Meanwhile, this book presents interesting results from a regression analysis, which lend credence to Kang's claims about East Asian countries' low perception of threat and declining military spending. However, the evidence would be stronger if its limitations were addressed: the results table (p. 58) indicates that neighboring states' increased military spending (as a proxy for threat) influences a country to follow suit; and being China's rivals--be they the Philippines, Taiwan, Japan, or Vietnam in the analysis--connotes they perceive threats from China. These interpretations necessitate a revisitation of central puzzles: Are East Asian countries afraid or not? How should we measure their threat perception? Is the low level of fear among East Asian countries driving their declining military expenditure?

Understanding East Asian countries' regional threat perceptions and behaviors is pivotal to American foreign policy in the region. American Grand Strategy and East Asian Security in the Twenty-First Century presents an optimistic case, showing that East Asia considers itself safe. The book provides useful evidence in support of Kang's claims, but its sole focus on military expenditure as a proxy for costly signaling may conceal East Asian countries' perceived threat from China. Ultimately, the value of this book lies in the fact that Kang associates his evidence with policy debates about US-East Asia relations and the proposed US grand strategy, and anyone interested in East Asian security will revel in reading this book.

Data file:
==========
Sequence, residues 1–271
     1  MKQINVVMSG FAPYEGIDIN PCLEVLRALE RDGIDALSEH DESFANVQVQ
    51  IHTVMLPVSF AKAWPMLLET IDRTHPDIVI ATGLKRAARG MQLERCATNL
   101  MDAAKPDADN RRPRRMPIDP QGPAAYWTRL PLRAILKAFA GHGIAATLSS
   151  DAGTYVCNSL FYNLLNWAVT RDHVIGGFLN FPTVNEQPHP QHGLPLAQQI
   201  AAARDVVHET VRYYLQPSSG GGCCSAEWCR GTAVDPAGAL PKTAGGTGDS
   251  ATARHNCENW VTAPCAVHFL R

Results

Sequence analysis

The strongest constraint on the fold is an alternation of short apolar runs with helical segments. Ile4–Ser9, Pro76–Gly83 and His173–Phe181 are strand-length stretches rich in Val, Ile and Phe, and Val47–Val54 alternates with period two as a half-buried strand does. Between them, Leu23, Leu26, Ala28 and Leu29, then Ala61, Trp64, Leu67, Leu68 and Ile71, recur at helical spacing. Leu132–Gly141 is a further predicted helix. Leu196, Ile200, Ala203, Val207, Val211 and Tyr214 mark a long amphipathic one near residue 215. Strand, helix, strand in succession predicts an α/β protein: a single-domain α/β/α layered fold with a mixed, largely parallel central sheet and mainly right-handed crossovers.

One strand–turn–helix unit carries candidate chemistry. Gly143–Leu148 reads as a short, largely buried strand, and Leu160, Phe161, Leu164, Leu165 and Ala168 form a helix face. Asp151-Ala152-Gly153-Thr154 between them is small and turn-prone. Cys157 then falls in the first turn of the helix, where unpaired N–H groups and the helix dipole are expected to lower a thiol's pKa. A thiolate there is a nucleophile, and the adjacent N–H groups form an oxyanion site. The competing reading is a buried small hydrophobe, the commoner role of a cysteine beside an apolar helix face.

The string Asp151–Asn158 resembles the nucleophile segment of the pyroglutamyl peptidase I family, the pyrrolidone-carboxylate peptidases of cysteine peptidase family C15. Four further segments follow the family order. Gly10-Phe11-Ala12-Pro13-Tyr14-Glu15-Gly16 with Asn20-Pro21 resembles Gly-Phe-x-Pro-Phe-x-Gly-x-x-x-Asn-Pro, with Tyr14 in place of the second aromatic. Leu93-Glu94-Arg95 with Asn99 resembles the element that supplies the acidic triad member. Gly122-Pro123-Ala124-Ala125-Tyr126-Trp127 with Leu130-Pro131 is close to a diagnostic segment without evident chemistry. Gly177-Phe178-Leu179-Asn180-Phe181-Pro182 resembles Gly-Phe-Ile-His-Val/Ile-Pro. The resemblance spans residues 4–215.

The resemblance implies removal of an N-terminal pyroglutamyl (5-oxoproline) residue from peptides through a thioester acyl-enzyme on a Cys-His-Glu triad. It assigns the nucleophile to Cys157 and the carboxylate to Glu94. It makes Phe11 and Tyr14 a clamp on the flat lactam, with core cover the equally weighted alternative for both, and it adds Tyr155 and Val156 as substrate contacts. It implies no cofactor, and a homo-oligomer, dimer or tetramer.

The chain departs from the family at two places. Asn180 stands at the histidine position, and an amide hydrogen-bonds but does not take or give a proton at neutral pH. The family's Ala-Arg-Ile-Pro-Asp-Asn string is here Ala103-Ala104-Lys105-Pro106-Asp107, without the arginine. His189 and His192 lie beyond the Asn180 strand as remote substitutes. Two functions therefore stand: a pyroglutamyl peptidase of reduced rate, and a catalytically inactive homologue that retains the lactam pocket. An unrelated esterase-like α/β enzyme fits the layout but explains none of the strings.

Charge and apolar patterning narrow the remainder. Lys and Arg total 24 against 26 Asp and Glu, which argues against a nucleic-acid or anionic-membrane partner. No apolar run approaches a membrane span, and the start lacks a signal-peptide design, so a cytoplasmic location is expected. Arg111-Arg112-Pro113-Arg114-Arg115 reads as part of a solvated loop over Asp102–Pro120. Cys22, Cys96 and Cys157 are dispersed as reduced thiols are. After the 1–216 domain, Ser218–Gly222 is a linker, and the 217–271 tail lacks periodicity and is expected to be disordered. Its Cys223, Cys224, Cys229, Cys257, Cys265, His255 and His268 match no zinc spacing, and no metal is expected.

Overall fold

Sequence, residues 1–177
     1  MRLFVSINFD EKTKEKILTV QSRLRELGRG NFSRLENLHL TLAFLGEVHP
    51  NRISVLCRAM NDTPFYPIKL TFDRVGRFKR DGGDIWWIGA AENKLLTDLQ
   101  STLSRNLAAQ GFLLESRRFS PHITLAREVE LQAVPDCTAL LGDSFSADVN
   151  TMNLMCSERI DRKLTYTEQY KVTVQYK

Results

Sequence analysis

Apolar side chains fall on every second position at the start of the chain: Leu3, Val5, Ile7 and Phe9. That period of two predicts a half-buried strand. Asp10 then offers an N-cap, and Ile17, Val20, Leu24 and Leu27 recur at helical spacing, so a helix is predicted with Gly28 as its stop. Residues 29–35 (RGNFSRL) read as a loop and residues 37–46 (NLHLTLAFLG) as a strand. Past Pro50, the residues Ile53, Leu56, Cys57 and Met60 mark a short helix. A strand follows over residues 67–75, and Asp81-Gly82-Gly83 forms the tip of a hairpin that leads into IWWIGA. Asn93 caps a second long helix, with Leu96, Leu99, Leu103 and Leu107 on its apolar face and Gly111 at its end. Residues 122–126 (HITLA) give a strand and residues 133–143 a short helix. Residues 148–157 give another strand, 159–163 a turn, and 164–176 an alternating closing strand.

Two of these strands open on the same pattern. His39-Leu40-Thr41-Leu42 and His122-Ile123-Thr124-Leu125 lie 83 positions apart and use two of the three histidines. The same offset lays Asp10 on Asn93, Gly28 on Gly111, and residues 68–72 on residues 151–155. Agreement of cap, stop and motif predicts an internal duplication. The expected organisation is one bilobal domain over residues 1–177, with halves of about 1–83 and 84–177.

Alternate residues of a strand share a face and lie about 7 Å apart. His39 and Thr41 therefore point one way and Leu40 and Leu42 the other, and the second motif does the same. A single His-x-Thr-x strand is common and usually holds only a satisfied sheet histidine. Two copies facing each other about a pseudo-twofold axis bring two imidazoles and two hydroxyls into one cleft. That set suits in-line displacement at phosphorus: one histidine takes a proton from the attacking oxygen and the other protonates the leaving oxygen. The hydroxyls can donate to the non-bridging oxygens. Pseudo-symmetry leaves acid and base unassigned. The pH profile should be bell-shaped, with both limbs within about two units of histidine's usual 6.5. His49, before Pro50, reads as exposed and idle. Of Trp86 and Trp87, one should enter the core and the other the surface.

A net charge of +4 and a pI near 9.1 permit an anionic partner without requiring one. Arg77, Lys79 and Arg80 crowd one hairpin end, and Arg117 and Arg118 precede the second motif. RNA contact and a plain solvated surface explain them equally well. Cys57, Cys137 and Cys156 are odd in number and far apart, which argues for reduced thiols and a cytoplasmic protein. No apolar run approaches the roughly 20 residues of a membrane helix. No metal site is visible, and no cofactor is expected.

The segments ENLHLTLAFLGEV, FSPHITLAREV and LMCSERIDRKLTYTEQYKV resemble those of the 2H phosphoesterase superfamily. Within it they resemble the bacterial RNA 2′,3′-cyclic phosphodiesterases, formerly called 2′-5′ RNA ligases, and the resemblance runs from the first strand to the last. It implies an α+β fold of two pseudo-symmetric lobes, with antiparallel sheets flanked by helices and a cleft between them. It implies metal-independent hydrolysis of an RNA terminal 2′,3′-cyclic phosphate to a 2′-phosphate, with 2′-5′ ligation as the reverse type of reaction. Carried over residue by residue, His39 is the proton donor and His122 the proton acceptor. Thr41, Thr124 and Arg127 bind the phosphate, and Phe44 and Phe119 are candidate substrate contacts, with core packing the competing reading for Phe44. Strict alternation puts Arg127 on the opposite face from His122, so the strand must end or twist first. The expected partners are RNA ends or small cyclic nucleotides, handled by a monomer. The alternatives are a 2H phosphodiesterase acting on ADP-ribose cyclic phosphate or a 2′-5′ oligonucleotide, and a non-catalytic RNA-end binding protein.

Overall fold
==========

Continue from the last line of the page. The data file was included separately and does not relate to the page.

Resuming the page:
REVIEWED BY CHANGWOOK JU, Department of Political Science, Yale University

doi:10.1017/jea.2019.13
COPYRIGHT 2019 Cambridge University Press
No portion of this article can be reproduced without the express written permission from the copyright holder.
Copyright 2019 Gale, Cengage Learning. All rights reserved.

Article Details
Printer friendly Cite/link Email Feedback
Author:Ju, Changwook
Publication:Journal of East Asian Studies
Article Type:Book review
Date:Jul 1, 2019
Words:1038
Previous Article:Upriver Journeys: Diaspora and Empire in Southern China, 1570-1850.
Next Article:South Korea's New Nationalism: The End of "One Korea"?
Topics:

Terms of use | Privacy policy | Copyright © 2020 Farlex, Inc. | Feedback | For webmasters